A little more than two weeks after breaking his nose in a scrimmage against the University of Connecticut, former St. Johns standout Shalrie Joseph was back on the field for the New England Revolution in a homecoming of sorts at...
By Dylan Butler
Who was that masked man?
A little more than two weeks after breaking his nose in a scrimmage against the University of Connecticut, former St. Johns standout Shalrie Joseph was back on the field for the New England Revolution in a homecoming of sorts at Giants Stadium.
Donning a protective white mask which he promptly tossed aside less than 20 minutes into the game the native of Grenada was heroic for the Revolution in a 1-1 tie with the MetroStars in front of 8,129 Sunday.
It was uncomfortable. I didnt get enough time to practice with it, Joseph said of the mask, which arrived on Friday. I only had the later part of practice on Friday. It was uncomfortable for me so I decided to take a risk.
He moved back from his normal starting position of center midfielder and helped shore up a Revolution defense that allowed six goals in two losses and is depleted by injury.
With former Maspeth resident Carlos Llamosa out for the season with a sprained left knee and Rusty Pierce (right quadriceps contusion) and Daouda Kante (right knee sprain) unavailable, Joseph moved back to central defense alongside Brian Kamler.
Hes a good player, he reads the game well, he passes the ball well and he really just stepped in and did in the back what he does in the middle, Revolution coach Steve Nicol said.
Despite the risk of rebreaking his nose, Joseph was tenacious in the back against the MetroStars. The transplanted Brooklynite blocked shots, won headers and played physical for the Revs, who earned their first point of the young MLS season.
After nearly giving up a penalty kick when Sergio Galvan Reys cross clearly caromed off Josephs arm, he was given a yellow card in the 31st minute for a late slide tackle on MetroStars defender Craig Ziadie.
I think he did a great job, Revs keeper Adin Brown said of Joseph. He only worked on it for basically a week and we got a result out of it, so you cant complain about that.
Joseph is no stranger, though, to playing central defense. He was drafted by the Revs in 2002 as a central defender. He played that position for much of his senior year at St. Johns and even played in the back for one game last year.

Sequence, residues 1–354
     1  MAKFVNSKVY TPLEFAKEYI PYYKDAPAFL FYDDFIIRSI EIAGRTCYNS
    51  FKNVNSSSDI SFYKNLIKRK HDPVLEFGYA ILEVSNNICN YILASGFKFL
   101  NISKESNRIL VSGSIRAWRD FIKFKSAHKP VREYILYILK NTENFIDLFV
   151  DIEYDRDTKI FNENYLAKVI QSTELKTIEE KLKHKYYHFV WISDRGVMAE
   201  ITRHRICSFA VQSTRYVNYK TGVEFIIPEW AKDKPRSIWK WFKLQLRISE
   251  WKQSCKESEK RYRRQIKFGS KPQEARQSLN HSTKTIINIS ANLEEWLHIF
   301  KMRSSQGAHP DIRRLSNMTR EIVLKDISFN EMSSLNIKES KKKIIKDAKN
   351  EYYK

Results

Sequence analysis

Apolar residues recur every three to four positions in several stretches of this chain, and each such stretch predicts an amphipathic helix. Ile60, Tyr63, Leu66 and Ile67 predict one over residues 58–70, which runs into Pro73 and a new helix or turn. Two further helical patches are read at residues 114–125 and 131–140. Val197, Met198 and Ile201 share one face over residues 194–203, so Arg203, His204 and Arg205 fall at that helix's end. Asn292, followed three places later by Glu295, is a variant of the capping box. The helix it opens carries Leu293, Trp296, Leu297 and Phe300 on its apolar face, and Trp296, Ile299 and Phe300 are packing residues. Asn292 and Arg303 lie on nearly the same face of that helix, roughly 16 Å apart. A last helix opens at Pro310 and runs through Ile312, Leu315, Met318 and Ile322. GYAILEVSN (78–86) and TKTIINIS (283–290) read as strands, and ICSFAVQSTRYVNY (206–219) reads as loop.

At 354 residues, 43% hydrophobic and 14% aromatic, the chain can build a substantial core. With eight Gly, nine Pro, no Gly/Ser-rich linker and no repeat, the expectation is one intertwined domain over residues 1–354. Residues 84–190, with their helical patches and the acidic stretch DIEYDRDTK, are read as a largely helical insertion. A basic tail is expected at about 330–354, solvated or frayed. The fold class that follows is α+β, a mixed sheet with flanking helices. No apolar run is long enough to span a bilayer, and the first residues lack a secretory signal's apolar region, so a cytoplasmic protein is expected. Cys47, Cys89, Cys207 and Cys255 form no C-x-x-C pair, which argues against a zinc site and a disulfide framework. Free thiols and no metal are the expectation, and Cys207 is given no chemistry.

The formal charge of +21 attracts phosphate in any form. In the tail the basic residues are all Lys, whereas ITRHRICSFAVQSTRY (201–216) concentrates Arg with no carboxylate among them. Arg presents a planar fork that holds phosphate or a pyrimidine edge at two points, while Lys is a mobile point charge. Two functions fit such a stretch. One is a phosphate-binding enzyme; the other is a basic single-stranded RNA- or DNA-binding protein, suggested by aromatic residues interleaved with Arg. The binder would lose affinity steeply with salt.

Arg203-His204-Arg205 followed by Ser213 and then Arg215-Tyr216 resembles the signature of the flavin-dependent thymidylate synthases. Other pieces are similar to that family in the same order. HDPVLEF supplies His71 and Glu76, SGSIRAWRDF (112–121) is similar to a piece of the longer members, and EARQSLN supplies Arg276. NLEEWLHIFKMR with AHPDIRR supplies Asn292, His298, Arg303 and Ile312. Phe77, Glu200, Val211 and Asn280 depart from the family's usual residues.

But that result was much different.
I played it once last year in Chicago, Joseph said. And it wasnt a good performance at all.
Joseph has started all but one game since he arrived in New England after playing for the now-defunct New York Freedoms in the Pro-Select League.
At 6-foot-3, 180-pounds, Joseph is an intimidating force both in the air and on the ground, but he is also skillful enough to consistently make the smart, careful passes around the field.
After a spectacular rookie season, which saw Joseph emerge as one of the bright young stars in the MLS, he returns for Year 2 in the league, anxious to prove last year wasnt a fluke. And hes anxious to renegotiate his contract.
Joseph is in the second year of a four-year contract that pays him $25,200 per season, the league minimum.
(The renegotiation) isnt going as well as possible but right now the season started, Joseph said. I have to put that behind me and move forward every day and every game.
Joseph has also played for his native Grenada, starting more than 10 games, and will be on the field in Columbus, Ohio June 13 when Grenada takes on the United States in a World Cup qualifier.
Its definitely going to be a special thing. Its going to be a big opportunity for me, my teammates and the country, Joseph said. Its the biggest game in the countrys history and to be playing against the U.S. is something you look forward to as a soccer player.
Reach Sports Editor Dylan Butler by e-mail at TimesLedger@aol.com or call 718-229-0300, Ext. 143.
©2004 Community News Group
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